In addition to executing the forced removal of rejected Afghan asylum seekers, Germany encourages the voluntary return of Afghan nationals.[27] To this end it supports the Reintegration and Emigration Programme for Asylum Seekers in Germany which covers travel expenses and offers additional financial support to returnees. Furthermore, there is the Government Assisted Repatriation Programme, which provides financial support to persons who wish to re-establish themselves in their country of origin. The International Organisation for Migration (IOM) organises and supervises return journeys that are supported by these programmes. Since 2015, several thousand Afghan nationals left Germany with the aid of these programmes. Most of these voluntary returnees were persons who had no legal residence status in Germany, for example persons whose asylum claim had been rejected or persons holding an exceptional leave to remain (Duldung).

    Outlook
    The continuing conflict in Afghanistan not only causes death, physical and psychological hurt but also leads to the destruction of homes and livelihoods and impedes access to health, education and services for large parts of the Afghan population. This persistently problematic situation affects the local population as much as it affects migrants who – voluntarily or involuntarily – return to Afghanistan. For this reason, migration out of Afghanistan is likely to continue, regardless of the restrictions which Germany and other receiving states are putting into place.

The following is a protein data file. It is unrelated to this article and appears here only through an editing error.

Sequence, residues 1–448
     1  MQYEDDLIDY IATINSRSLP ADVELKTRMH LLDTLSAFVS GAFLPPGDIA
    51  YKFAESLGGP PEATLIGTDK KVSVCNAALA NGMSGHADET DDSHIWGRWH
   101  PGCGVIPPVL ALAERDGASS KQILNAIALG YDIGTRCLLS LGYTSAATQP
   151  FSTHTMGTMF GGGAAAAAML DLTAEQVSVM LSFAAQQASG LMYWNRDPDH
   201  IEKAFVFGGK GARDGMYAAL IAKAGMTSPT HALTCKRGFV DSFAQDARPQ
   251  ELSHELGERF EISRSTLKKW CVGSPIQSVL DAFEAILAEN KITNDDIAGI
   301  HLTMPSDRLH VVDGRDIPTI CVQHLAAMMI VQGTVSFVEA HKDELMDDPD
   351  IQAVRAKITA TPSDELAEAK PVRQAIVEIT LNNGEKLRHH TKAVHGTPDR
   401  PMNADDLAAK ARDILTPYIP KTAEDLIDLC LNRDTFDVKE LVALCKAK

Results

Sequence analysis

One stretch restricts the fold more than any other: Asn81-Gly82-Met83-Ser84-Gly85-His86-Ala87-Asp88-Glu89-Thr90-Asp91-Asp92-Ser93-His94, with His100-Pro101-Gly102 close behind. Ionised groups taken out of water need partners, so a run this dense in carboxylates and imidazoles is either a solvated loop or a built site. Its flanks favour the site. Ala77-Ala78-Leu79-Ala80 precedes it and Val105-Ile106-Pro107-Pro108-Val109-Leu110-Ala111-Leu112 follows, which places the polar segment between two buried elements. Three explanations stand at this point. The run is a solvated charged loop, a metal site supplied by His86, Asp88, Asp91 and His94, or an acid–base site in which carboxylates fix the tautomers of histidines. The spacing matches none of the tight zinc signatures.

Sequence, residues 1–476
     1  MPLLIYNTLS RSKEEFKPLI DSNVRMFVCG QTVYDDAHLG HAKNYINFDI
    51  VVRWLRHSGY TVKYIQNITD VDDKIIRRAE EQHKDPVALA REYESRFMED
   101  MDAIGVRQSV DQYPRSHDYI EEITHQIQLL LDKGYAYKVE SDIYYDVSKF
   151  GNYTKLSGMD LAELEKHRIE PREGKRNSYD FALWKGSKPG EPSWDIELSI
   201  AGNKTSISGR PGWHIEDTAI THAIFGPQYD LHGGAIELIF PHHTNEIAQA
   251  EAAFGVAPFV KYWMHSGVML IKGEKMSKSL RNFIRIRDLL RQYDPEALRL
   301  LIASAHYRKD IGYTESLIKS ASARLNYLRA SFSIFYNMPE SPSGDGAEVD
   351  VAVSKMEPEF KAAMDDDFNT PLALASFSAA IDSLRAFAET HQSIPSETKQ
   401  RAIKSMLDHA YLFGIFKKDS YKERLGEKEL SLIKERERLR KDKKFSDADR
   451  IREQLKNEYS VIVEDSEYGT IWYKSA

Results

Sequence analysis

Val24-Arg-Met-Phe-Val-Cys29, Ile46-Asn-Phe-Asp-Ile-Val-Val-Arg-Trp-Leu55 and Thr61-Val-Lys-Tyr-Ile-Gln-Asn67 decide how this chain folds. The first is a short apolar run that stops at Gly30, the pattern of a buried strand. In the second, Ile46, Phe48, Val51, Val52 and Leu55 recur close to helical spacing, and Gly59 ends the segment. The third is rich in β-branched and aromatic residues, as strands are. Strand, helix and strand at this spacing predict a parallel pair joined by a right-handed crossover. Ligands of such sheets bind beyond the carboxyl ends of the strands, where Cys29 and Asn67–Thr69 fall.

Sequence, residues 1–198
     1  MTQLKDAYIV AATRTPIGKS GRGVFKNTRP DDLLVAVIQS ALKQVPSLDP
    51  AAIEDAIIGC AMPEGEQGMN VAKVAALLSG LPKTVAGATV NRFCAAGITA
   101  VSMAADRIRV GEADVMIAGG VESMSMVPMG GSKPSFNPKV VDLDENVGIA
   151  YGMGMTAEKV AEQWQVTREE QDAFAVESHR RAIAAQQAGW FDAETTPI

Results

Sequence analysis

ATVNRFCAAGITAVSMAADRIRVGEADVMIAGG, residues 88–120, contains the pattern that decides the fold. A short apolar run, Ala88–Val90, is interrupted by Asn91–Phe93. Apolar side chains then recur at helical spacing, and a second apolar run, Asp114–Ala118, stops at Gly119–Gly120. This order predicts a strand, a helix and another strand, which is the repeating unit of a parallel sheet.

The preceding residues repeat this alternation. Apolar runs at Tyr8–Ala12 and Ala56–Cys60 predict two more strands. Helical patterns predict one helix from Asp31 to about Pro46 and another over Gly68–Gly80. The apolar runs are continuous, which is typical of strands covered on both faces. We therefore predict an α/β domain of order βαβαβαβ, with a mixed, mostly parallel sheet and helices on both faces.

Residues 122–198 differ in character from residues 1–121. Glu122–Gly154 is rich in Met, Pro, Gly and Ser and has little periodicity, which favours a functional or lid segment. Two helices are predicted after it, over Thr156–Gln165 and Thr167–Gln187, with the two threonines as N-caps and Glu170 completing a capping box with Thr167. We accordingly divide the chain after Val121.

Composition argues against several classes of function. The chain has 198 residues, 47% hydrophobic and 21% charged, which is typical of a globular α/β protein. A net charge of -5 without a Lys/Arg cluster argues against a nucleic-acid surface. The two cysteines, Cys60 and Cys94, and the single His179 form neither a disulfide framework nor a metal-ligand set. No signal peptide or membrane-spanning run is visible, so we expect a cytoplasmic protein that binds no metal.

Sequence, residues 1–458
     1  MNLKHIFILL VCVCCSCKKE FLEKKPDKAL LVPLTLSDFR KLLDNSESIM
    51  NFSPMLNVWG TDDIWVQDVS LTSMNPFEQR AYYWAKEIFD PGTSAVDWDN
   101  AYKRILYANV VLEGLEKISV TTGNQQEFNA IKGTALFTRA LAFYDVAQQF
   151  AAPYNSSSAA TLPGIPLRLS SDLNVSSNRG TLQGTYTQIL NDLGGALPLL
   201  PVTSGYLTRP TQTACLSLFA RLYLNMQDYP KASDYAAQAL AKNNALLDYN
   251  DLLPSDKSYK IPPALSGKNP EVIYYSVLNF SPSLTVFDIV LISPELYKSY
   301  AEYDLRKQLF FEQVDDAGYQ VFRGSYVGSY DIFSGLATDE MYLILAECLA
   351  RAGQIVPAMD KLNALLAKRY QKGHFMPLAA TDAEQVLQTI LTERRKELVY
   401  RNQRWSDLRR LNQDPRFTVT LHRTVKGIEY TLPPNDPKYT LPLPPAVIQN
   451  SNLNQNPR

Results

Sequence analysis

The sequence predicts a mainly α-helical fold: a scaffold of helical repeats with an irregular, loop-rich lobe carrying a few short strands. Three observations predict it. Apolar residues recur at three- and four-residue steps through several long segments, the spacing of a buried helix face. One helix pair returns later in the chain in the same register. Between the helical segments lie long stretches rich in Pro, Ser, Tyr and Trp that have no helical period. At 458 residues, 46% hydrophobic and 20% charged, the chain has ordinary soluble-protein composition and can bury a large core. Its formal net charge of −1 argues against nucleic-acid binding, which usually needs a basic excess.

http://www.bpb.de/gesellschaft/migration/laenderprofile/288934/afghan-migration-to-germany
    #Allemagne #Afghanistan #réfugiés_afghans #histoire #asile #migrations #réfugiés #chiffres #statistiques #renvois #expulsions #retour_volontaire #procédure_d'asile
    ping @_kg_

  • How US “#good_guys” wiped out an Afghan family — The Bureau of Investigative Journalism
    https://www.thebureauinvestigates.com/stories/2019-06-03/us-bomb-kills-afghan-family

    The US denied repeatedly that it had bombed Masih’s house, or even that any airstrike in his area had taken place. But using satellite imagery, photos and open source content, we proved that denial false. Following our investigation, the military has now admitted that it did conduct a strike in that location, but it still denies it resulted in civilian deaths.

    #etats-unis #crimes #civils #victimes_civiles #afghanistan